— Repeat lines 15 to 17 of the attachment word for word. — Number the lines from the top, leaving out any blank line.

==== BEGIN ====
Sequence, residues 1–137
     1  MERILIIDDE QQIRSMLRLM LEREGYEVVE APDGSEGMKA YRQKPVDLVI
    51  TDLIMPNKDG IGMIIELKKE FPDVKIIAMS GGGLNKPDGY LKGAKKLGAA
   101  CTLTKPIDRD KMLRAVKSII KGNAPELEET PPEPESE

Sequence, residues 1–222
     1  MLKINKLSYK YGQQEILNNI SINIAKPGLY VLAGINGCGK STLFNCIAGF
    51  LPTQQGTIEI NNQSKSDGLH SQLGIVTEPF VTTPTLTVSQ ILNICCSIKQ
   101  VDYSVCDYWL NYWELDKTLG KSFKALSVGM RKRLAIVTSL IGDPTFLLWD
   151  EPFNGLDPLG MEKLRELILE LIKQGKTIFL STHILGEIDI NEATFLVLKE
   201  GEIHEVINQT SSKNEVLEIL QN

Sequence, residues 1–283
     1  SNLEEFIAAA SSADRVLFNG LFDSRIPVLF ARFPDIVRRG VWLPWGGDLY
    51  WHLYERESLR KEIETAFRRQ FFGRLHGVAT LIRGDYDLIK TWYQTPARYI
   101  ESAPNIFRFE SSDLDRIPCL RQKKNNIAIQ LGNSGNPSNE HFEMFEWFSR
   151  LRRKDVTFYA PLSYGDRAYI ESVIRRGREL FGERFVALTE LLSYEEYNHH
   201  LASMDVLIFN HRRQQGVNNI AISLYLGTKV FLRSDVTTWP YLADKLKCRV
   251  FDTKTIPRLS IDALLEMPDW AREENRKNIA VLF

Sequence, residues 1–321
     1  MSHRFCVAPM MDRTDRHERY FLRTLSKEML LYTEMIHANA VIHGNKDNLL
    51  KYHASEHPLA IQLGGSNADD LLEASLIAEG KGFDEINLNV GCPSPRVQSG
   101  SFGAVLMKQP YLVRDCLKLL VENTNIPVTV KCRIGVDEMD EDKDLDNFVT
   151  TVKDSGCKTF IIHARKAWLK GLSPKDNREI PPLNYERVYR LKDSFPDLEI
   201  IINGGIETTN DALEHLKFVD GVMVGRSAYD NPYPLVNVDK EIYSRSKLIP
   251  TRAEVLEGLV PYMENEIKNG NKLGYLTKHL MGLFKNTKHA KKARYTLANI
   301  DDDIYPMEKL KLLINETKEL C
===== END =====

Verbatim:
   151  LRRKDVTFYA PLSYGDRAYI ESVIRRGREL FGERFVALTE LLSYEEYNHH
   201  LASMDVLIFN HRRQQGVNNI AISLYLGTKV FLRSDVTTWP YLADKLKCRV
   251  FDTKTIPRLS IDALLEMPDW AREENRKNIA VLF